Queen, Charles and William to focus ‘on the small print’ during Megxit review | Royal | News (Reports)


Meghan and Prince Harry’s 12-month transition period will end with a review of their so-called Megxit deal by the Queen, Prince Charles and Prince William. In March next year, these senior royals will discuss possible changes to the terms agreed at Sandringham in January with Prince Harry, following his and Meghan’s decision to step back as senior royals. 

The Megxit deal has, according to several royal commentators, left the door open to the possible return of Meghan and Harry to the royal fold.

In particular, the Queen’s decision not to immediately fill the honorary military roles Prince Harry has been stripped of has been perceived as a silent signal to her grandson he could still change his mind.

However, Meghan and Prince Harry have carried out drastic changes in their lives which suggest they are not wishing to resume their former royal roles.

Some of these changes, including their multi-year deal with Netflix, are likely to be the focus of the royal review, according to a royal expert. 

Dr Anna Whitelock, Deputy Head of School of Humanities at Royal Holloway and royal commentator, told Express.co.uk: “I suspect very little will change and there is no sign of Harry and Meghan wanting to return to the royal fold and all the rigmarole and responsibility that comes with that.

“The fact that Prince William has been approached to take over the role of Captain General of the Royal Marines previously held by Harry before he was stripped of his military appointments after stepping back from royal duty, suggests there is no expectation of a formal return to royal business for the Sussexes from either side.

“Instead it is more likely that the review will focus on the small print of what kind of commercial/media ventures the Sussexes might seek to be involved with and what the Palace might seek to prohibit. 

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“And so, in short, the review will most likely formalise the split, at least for now, than signal the beginning of a rapprochement.”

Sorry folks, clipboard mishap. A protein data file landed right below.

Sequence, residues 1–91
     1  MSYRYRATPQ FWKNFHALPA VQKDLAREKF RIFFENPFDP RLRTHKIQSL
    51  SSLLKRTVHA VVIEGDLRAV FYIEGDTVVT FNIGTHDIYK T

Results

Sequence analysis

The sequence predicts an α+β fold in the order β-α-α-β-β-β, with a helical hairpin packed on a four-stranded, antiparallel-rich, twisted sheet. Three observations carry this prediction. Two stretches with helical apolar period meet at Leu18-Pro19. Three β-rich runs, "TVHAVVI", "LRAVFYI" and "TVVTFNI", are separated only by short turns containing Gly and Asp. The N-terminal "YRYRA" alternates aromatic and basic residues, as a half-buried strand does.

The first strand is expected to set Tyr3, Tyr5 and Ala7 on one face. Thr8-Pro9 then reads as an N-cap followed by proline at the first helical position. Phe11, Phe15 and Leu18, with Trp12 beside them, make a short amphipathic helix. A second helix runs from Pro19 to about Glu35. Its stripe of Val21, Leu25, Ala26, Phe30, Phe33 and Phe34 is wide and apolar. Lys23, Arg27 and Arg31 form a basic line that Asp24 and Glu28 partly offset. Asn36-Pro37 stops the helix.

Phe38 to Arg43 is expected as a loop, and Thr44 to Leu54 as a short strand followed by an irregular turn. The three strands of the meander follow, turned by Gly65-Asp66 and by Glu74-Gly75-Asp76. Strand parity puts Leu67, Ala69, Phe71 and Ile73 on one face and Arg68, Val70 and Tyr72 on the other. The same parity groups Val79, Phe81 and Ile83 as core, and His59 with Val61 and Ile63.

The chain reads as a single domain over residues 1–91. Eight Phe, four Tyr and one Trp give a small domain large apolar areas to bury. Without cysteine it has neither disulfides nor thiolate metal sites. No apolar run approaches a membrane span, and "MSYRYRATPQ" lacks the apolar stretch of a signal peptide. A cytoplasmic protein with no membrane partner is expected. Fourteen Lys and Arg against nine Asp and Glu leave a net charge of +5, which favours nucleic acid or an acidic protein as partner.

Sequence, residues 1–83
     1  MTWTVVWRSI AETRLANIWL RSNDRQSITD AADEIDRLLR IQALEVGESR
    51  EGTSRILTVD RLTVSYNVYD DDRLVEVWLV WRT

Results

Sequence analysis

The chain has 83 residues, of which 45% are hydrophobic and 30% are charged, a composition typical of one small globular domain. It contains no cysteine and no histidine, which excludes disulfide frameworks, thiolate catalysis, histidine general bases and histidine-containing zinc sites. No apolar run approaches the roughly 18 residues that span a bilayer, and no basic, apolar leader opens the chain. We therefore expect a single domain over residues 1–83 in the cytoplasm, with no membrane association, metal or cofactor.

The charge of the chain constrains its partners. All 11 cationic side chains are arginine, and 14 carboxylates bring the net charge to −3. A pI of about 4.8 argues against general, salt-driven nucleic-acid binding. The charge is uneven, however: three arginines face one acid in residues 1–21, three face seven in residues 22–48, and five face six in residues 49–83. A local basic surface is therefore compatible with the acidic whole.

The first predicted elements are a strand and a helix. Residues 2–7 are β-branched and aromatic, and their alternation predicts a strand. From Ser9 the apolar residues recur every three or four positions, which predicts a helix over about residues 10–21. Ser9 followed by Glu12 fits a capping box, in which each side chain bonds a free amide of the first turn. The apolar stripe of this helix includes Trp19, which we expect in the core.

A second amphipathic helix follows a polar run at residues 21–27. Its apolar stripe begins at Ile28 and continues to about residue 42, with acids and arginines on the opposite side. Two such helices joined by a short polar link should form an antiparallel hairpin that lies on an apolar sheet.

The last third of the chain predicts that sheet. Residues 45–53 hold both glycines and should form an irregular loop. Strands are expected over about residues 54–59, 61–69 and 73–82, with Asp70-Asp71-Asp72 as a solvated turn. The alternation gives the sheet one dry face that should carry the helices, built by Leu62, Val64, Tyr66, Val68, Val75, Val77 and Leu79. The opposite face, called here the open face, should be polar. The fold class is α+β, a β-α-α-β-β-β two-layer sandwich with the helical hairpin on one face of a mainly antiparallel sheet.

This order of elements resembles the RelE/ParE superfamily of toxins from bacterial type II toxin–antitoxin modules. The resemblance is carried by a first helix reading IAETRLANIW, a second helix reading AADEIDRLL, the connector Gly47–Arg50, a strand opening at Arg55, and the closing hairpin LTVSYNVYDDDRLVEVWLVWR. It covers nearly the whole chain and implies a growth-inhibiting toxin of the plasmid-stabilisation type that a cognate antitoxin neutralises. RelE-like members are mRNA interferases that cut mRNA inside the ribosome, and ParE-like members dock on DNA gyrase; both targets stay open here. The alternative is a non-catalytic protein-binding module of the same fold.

Meghan and Prince Harry announced in September they had struck a deal with Netflix, which will see them becoming TV producers for the streaming platform.

The couple didn’t reveal the value of their contract – but some expert at the time estimated it could be worth up to £130million. 


The Duke and Duchess of Sussex said at the time of the announcement they would work on documentaries, docs-series, children programming, feature films and scripted shows, with content that “informs but also gives hope”.

Some royal commentators believe the deal with Netflix, which also produces The Crown, represents a “conflict of interest” for the Sussexes, given the popular TV show delves into the lives of their relatives and dramatises them.

Royal expert Sally Bedell Smith told Vanity Fair: “It is an egregious conflict of interest for Harry and Meghan to have a highly lucrative deal with Netflix, the very same producer of a television series that passes itself off as fact but is a highly fictionalised version of Harry’s own family.

“The Crown portrays some actual events, to be sure, and tries to prove its credibility with little details like the toys in the royal nursery, but nearly all its dialogue, and most of its scenes and plotlines are pure invention—often maliciously so.” 

Similarly, royal author Hugo Vickers said he was shocked by the Duke’s association with Netflix.

The streaming platform, he said, “literally bought a member of the Royal Family.”

Meghan and Prince Harry spoke about the 12-month transition period in a lengthy statement released in February on the website SussexRoyal.com.

They said: “While there is precedent for other titled members of the Royal Family to seek employment outside of the institution, for The Duke and Duchess of Sussex, a 12-month review period has been put in place.” 

This transition period started on April 1, from which Meghan and Harry were no longer allowed to use their old brand Sussex Royal or their HRH styles.

Similarly, they are now barred from carrying out any royal engagements.

However, the pair have retained their patronages and are now able to live abroad and pursue financially profitable opportunities.     


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